So the basic technique is: accelerate briskly from stops. Get the engine started and rotating at its most fuel-efficient (higher) speed so that the car minimizes battery use. (If the engine is producing more than the car needs then it'll just charge the battery.) Once the car is up to speed then feather the accelerator ("pulse & glide") and let the microprocessor decide whether to use the battery or the ICE. Coast to stops as much as possible, letting regenerative braking recharge the battery. The ECU's logic depends on speed, acceleration, and not overspeeding the motor generator so it gets a lot more complicated than this simple explanation-- but it's a straightforward driving technique.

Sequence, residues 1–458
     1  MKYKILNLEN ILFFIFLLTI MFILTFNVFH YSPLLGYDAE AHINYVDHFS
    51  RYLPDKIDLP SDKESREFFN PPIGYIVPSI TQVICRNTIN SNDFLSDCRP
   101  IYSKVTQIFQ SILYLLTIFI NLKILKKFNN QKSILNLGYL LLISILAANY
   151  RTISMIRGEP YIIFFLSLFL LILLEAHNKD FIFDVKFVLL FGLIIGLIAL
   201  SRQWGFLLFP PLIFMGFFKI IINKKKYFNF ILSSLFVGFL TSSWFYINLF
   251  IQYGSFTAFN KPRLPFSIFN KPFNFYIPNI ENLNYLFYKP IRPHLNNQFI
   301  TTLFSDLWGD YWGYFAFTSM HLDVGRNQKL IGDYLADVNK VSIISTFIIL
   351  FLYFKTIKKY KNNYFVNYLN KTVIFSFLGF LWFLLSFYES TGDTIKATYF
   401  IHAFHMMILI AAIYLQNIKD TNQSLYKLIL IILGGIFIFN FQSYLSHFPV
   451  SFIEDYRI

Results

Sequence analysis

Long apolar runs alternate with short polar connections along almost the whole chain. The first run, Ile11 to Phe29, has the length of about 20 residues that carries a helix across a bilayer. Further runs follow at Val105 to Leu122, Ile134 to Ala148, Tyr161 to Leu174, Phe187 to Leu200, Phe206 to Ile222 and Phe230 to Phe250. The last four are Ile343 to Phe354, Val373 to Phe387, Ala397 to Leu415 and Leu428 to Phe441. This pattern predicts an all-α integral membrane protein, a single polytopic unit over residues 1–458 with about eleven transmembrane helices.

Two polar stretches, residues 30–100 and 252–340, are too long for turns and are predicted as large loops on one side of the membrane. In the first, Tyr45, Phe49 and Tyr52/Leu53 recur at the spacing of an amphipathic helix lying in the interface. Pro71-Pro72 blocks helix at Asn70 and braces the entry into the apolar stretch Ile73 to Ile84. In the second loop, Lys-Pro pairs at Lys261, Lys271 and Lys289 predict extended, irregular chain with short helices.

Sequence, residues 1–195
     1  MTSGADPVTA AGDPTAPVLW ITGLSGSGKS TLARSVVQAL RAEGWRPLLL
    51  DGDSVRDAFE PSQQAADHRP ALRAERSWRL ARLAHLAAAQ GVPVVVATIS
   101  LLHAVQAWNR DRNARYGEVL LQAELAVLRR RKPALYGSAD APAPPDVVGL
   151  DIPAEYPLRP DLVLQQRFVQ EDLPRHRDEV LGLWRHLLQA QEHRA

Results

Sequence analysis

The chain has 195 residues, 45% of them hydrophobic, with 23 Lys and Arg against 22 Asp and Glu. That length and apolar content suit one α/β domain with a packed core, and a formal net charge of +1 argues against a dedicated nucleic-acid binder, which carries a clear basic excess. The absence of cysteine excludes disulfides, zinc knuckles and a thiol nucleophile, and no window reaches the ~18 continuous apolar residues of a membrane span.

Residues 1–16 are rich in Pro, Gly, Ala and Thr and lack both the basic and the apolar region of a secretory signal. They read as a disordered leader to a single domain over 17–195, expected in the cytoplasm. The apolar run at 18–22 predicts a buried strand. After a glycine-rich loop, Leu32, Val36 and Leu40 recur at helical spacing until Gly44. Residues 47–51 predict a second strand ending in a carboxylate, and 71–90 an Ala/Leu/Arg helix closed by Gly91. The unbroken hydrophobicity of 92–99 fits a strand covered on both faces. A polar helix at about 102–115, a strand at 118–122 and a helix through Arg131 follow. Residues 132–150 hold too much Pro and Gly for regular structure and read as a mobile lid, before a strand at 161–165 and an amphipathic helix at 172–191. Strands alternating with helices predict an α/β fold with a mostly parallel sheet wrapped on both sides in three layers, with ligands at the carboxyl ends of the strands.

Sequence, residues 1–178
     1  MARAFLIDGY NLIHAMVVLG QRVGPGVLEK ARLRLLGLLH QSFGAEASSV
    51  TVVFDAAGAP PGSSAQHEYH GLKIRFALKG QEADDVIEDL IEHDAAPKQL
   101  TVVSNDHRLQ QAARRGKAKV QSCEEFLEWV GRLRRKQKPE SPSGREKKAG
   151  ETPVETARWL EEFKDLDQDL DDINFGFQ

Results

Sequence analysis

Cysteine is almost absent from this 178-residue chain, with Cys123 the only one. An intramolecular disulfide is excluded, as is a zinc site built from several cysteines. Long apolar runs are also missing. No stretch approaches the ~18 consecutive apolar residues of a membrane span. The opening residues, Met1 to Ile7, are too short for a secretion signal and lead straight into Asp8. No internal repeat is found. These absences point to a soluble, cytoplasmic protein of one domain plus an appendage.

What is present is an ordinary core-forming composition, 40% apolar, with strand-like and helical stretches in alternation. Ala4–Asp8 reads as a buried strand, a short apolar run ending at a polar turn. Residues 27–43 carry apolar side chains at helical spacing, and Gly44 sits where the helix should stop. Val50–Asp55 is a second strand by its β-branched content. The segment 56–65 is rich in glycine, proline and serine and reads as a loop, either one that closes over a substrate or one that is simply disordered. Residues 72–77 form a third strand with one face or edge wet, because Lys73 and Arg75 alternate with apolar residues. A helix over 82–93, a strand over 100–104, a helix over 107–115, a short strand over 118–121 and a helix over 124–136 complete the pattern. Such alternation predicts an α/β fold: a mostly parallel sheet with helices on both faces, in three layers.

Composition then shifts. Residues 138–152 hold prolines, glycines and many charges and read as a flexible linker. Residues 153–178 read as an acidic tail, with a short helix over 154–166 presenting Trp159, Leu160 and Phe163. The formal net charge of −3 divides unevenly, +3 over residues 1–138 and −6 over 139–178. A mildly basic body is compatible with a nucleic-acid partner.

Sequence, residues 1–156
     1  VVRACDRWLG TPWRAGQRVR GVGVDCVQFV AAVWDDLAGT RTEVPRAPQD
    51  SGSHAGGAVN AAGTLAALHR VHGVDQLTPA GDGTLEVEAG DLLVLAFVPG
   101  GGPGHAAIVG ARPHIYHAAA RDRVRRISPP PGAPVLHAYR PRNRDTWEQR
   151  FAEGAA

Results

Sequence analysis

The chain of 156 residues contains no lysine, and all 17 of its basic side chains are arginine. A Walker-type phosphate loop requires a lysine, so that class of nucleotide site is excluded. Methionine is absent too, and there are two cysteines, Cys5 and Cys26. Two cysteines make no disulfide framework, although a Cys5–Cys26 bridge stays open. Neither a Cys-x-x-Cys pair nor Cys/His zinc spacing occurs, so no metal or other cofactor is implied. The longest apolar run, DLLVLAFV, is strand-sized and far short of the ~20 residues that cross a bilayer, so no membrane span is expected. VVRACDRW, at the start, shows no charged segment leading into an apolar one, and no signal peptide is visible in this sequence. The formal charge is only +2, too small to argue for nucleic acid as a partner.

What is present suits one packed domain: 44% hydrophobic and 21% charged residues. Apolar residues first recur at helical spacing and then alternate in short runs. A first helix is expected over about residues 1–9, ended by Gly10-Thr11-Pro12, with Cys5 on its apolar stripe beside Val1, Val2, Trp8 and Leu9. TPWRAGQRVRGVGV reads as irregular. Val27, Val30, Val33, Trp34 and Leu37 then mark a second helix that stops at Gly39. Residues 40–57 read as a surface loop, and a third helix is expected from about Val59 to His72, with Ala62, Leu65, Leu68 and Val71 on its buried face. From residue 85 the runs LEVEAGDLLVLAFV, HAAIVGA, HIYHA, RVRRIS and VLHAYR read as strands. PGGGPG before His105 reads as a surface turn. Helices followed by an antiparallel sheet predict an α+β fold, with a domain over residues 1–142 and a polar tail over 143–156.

An exception to that technique is when the destination is downhill. When I'm coming the 1.2 miles home from our kid's school it's all downhill. I can do it without ever turning over the ICE, and the battery has more charge when we get home than when we started in the school's lot. Of course we lose all that on the next uphill drive.

Several of the PriusChat high-post-count enthusiasts have installed ScanGuageII systems with real-time readouts. They practice P&G, very high tire pressure, hypermiling, and a number of aggressive high-mpg techniques that most of us would never even think of let alone consider using on our daily commute. They publish ScanGuage printouts and write tutorials on the ECU logic tricks. But one of the aficionados was quite ecstatic to get his first 70-mpg tank. That's an entire tank of gas at an average consumption of 70 mpg, or over 700 miles between fillups...